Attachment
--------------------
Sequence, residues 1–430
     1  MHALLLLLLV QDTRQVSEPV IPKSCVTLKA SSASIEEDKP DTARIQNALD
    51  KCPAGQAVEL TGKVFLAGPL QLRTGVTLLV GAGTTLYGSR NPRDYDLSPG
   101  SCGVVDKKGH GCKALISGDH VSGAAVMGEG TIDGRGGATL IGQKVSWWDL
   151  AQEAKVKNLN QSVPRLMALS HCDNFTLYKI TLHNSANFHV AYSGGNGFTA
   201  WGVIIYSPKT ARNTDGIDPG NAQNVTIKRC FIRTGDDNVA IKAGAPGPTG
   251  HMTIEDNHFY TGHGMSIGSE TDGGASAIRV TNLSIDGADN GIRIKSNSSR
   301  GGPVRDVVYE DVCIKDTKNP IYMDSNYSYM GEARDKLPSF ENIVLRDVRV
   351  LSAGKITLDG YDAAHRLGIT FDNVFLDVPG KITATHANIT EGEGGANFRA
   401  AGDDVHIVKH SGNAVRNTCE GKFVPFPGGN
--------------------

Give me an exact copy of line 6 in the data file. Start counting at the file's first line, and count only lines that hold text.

   201  WGVIIYSPKT ARNTDGIDPG NAQNVTIKRC FIRTGDDNVA IKAGAPGPTG